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Iain MacDonald on The Deep

Iain MacDonald on The Deep

By • Southwest
The Deep, by Graeme Maley, opens at the Brewery Theatre on 4 September, and is a one-man show promising humanity, humour and an aching beauty that will speak to all who have ever admired the power of the sea.

Based on a true event, The Deep is directed by Iain MacDonald, and is being staged as part of the Tobacco Factory’s initiative to incentivise local theatrical talent to stay in Bristol, and offer an annual Graduate Director’s Slot for an exceptional graduate from Bristol Old Vic Theatre School to direct a show at their Brewery venue.

Iain took time out from rehearsals to answer a few questions for Whatsonstage.

Tell Me about The Deep?
The Deep is originally an Icelandic play by Jon Atli Jonasson based on a true event in the waters of Iceland in the 1990s. This version has been adapted by Graeme Maley, setting the play in Scotland and the North Sea. The play is a one-man show about a young man who goes off for another season deep-sea fishing on the trawler boats. He tells us of his life, friends and dreams but as he and the crew await arrival on fishing grounds, disaster strikes and the men are left at the mercy of the sea. It’s a very uplifting, albeit tragic, play. There’s a lot of humour in it and some really lovely poetry – it’s very moving. It’s a universal human story about hope amid fear, something that everyone has experienced in one shape or another.

We are also lucky to be working with the Fisherman’s Mission – a charity that supports the 13,000+ men and woman who work in the fishing industry, giving support to the many fishing communities that help keep our country afloat and fish on our plates. We are hoping to raise a bit of money for them and spread some awareness.

Why did you choose this work?
I am from a small town in Scotland called Thurso, which is on the North coast in the county of Caithness, so the sea has always been a big part of my life. I enjoy things about the sea - it’s such a rich resource both in terms of performance and life. Fishing is one of the oldest trades in the world – people have always depended on the sea which both gives and takes. The play combines all of these things. It shows our dependence on the sea, its beauty and also its tragedy. Not to mention the fact that the writing is beautiful. There are a number of Scottish colloquialisms in it which gives it a real cultural identity, and that’s really what I look for in projects. A sense of place.

Tell me a little more about working at the Tobacco Factory?
I recently graduated from the directors’ course at the Bristol Old Vic Theatre School and during the time we were interviewed by Ali Robertson who runs the TF. He asked us each to pitch an idea for a play to take place at the Brewery which could be whatever we wanted. Myself and the others directors each had a go and Ali picked me as he seemed to love the play. Having been awarded the position, the Tobacco Factory gave me a small budget and some marketing support to help make the show a success. I’m delighted as it’s wonderful to have brought a piece which is very dear to me, both on a personal and cultural level, and for Ali to have taken a chance on it. As I said to him during the pitch – ‘if I don’t do this play, no one else will.’ I guess in that respect, it’s going to be a pretty unique run.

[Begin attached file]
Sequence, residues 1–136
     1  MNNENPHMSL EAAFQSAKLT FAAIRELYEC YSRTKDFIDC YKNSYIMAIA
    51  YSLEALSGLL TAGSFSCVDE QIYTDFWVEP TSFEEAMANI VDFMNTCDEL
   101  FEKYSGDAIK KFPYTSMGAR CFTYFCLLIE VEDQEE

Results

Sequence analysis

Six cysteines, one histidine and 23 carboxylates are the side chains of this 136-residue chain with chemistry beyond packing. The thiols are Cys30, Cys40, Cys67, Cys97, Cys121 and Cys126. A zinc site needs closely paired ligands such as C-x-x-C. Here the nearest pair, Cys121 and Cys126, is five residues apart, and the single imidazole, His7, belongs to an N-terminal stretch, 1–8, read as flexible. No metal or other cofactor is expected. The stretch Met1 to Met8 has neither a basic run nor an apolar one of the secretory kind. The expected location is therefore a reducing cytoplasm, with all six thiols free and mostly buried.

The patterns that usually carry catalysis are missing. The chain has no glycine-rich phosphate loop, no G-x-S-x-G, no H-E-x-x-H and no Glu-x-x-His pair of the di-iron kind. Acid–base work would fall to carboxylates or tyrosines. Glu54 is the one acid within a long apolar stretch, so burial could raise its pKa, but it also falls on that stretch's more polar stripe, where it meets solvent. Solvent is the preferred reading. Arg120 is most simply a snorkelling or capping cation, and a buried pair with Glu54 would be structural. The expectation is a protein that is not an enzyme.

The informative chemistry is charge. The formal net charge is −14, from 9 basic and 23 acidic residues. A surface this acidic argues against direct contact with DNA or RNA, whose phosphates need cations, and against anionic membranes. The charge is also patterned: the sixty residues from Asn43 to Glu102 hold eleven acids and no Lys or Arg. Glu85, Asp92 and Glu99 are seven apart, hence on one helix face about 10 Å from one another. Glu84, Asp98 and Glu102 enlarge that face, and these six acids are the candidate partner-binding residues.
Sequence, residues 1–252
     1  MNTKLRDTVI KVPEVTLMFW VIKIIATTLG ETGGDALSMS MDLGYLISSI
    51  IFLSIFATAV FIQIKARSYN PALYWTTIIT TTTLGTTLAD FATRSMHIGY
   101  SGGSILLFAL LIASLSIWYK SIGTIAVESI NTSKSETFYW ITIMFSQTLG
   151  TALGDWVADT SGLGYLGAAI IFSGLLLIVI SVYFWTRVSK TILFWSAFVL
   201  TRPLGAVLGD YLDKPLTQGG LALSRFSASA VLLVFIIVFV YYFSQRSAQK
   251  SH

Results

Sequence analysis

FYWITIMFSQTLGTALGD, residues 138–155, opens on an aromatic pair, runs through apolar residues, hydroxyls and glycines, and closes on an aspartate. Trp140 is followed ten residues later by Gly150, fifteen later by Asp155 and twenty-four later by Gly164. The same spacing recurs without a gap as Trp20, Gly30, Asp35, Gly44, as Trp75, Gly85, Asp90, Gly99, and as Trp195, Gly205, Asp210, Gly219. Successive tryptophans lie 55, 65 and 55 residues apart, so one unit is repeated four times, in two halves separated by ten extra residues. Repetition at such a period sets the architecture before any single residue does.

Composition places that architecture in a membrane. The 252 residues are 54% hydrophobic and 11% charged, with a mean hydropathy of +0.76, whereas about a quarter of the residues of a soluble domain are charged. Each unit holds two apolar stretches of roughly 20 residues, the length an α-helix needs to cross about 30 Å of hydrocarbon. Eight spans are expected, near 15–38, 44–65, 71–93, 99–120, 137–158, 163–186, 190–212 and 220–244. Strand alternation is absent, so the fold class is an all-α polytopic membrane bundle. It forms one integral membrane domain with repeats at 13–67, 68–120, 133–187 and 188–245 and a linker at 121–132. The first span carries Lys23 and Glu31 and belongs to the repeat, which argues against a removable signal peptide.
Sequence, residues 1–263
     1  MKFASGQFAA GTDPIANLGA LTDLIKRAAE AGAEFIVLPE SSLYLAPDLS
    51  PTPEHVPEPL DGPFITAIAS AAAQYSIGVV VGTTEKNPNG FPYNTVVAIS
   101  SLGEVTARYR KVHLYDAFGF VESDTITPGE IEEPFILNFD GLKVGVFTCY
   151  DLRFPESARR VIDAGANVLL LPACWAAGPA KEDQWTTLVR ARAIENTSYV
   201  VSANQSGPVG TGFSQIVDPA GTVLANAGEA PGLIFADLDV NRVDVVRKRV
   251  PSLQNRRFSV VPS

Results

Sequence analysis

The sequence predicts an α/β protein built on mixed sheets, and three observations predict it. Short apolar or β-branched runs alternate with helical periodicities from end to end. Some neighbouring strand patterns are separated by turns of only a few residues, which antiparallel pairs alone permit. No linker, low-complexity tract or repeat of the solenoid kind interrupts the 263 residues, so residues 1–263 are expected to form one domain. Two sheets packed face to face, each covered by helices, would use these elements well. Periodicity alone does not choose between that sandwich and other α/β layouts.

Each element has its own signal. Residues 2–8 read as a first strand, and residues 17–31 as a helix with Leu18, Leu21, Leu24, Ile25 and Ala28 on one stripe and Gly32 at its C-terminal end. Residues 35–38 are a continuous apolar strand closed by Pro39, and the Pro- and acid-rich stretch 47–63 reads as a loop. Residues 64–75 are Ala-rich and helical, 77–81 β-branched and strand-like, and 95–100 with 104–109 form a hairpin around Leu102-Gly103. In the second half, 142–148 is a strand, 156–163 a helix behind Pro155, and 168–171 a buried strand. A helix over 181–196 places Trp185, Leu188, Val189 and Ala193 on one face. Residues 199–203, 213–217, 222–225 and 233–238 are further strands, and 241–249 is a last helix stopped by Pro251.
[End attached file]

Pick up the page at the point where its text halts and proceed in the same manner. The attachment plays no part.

Along with designer, Halla Groves-Raines you were jointly awarded Bristol Old Vic Theatre School’s ‘John Elvery Prize’ for best director/designer collaboration on Knives In Hens. How significant is industry recognition?
It’s wonderful to have your work recognised in that way, especially since myself and Halla work so well together. I’m not one for chasing awards but it’s certainly not something to be scoffed at if achieved. My main hope is that people enjoy the shows we do and come away with something – that’s an award as good as any other as far as I’m concerned.

How did you decide and go about a career as a Director?
Where I come from in Scotland isn’t exactly a hub of theatrical activity so there’s a high level of determination needed. I used to write a lot as a child – screenplays, poetry, short stories. When I became a teenager I got involved in amateur dramatics and had some great experiences. There was also a professional theatre company based in Thurso, led by George Gunn who helped me realise a career in theatre was possible. I wanted to be an actor at first and did quite a lot of youth theatre on a National level. I worked with Scottish Youth Theatre on an NHS funded show about sexual health called ‘Dying for It’. There was about twelve of us in the cast and the show toured over a two year period in various schools and festivals in Scotland and Ireland. We performed at the opening of the Scottish Parliament in front of the Queen as well! I think everyone from that cast has actually gone on to be involved in the theatre in one way or another. That whole process really defined me and gave me the chance to realise that rather than being an actor, I preferred working with actors, writers and designers.

I’m really into storytelling, and as a director I have a wider vision and concern for story. That’s what I really enjoy; stories.

What are you looking for in your next production?
Myself and Halla are already thinking about what’s next. We’ve got a number of options but I’m starting to get quite interested in devising and verbatim theatre. Whatever it is, you can be sure it’ll be about the sea.

The Deep runs at The Brewery Theatre, Bristol from 4 to 15 September


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